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Wednesday, November 4, 2020

Mindfulness, Compassion, Nonviolence - Series 4



             What is Meditation? What is Mindfulness meditation?

Before answering the two questions, let us take care of some of the questions and myths about the practice of meditation.

Is meditation a religious practice? The answer is:  Yes and No. It came out of eastern religious traditions. It can be used to deepen religion-oriented meditation. In addition, all religious traditions have a meditation component although not emphasized. You can meditate on your chosen God, if you please. But meditation is not solely a religious practice. It is primarily a spiritual practice.

Is it self-hypnosis? No, it is not. No one can make you convince yourself about something you do not believe in. Meditation helps to learn self-control and focus.

Is meditation for old people? No, it is not. Any one at any age can learn. Now, several schools in the west teach children, even in kindergarten.

Does meditation require a guru and initiation? No, it does not, certainly not in the current methods of meditation. Of course, you need someone who is trained in one of the techniques and has practiced. The idea of guru and initiation is for people who wish to become monks and nuns and in certain schools. For those of us living a busy life and wish to learn meditation to calm the mind and expand the heart, there is no need for initiation. However, there is need for a guide.

Is meditation thought control?  No. You do not control or suppress thoughts, particularly in the Mindful Meditation school. You learn to be aware of your thoughts, to be a witness to your thoughts, without editing and judging and suppressing.

Is meditation practiced by some to avoid problems? I hope not. It is meant to help us face and deal with suffering and to engage with life effectively, not to escape.

Some people think that meditation will allow demonic ideas to enter our psyche. Some religious sects teach that wrong information. They probably have taken the proverb which says “an empty mind is devil’s workshop” literally.  It is not true and  it is unfortunate some people think so.

But it is fair to state that meditation is not for everybody. There are some people who get anxious and agitated when they have to be alone or quiet. Meditation is not suitable for them unless there is some preparation and guidance. It may cause anxiety and agitation in the presence of some mental disorders although psychologists trained in meditation techniques use Mindfulness Based Cognitive Therapy as part of their treatment options.

One other point worth making here is that meditation is “sold” as panacea for all kinds of  physical, mental and behavior disorders. That is not correct.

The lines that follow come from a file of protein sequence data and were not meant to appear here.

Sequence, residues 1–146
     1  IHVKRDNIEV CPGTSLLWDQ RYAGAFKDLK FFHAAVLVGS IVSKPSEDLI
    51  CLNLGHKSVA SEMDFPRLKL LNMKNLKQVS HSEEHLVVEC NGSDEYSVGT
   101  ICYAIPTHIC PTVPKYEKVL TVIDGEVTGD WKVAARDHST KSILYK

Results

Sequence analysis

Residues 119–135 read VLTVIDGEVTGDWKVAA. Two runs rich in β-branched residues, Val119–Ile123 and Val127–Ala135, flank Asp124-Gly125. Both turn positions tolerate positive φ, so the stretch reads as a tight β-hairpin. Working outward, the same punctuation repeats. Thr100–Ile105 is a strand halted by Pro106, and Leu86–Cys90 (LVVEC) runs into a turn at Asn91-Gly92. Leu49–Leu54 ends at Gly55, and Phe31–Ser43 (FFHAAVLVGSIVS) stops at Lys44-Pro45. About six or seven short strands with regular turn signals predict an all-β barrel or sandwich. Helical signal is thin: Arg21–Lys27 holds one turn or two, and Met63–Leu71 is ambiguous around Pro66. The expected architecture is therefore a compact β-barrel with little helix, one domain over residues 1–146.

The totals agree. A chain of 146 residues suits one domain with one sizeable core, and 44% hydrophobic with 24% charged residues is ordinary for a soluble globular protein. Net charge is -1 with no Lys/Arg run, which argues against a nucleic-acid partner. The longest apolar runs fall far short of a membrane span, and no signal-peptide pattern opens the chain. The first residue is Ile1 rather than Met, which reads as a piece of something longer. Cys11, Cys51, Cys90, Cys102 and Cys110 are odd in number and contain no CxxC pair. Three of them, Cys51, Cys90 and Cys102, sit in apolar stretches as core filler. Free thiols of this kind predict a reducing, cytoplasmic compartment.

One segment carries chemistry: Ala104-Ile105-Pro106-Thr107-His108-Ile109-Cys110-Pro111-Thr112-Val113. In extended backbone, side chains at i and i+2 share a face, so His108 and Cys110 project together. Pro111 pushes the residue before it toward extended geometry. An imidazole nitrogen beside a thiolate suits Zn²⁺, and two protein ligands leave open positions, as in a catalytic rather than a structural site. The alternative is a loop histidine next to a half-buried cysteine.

What is meditation? Dictionary definition is that meditation is contemplation and reflection. It is a process of solemn reflection on spiritual matters. It is state of mind which leads to inner calmness and peace. It is also a process and skills needed to practice meditation can be acquired. (Please see the link to an article on meditation in a recent issue of New York Times, at the end of this post)

Why does one meditate? People get into meditation with different goals in mind. You need to know yours before you learn to practice meditation. Patanjali, the ancient Indian sage, who wrote the earliest treatise on this subject with the title Yoga Sastra, states that the goal of meditation is “Controlling the extroverted activities of the mind” (Yogah chitta vritti nirodhah). The word yoga (root word yuj which means to unite) was used because the aim was  to help the Individual unite with the Universal.

Current practices, which derive from this and other ancient Hindu and Buddhist texts, are intended primarily to help  unite Body, Mind and Spirit. It is unfortunate that not much emphasis is given to meditation as a tool for spiritual development, self-inquiry and self transformation. 

My preference is to consider meditation as a practice to calm the mind and expand the “heart”. This goal is more suited for those of us living in this busy world, torn in different directions, losing touch with nature and feeling less connected. It is a form of mental training. Once we can calm the mind and think deeply and clearly, we can work on self-transformation.

I have read somewhere that there are at least 23 major schools of meditation. That includes Buddhist, Hindu, Chinese, Greco-Roman, Christian, Sufi and Jewish traditions. There are several sub-sets within each of these schools.

Why then is the focus on Mindful Meditation? And what is Mindful Meditation? (to be continued)

Addendum: Since I wrote this piece, I came across Adi Sankara’s idea on meditation. He says: “meditation means establishing a continuous flow of similar modification of the mind in relation to some object presented by the scriptures and uninterrupted by any foreign idea”. This will be called dhyana in Patanjali’s eight steps process.

In Patanjali’s system, the step preceding dhyana is dharana. When translated to English, dharana means concentration. This is an important distinction as pointed out by another scholar. He says that as long as your mind is fighting distraction, you are still in the dharana mode (concentration) and not in dhayana, in which the mind is fully with the object of meditation – be it sound, form or formless.

Chandogya Upanishad calls this stage as upasana. At this stage, the mind is still aware of duality. It is aware of the subject (the meditator) and the object of meditation. The final stage of samadhi of Patanjali is when that duality disappears.

That is the theory. That is the goal of meditation. But how many of us can get there? 

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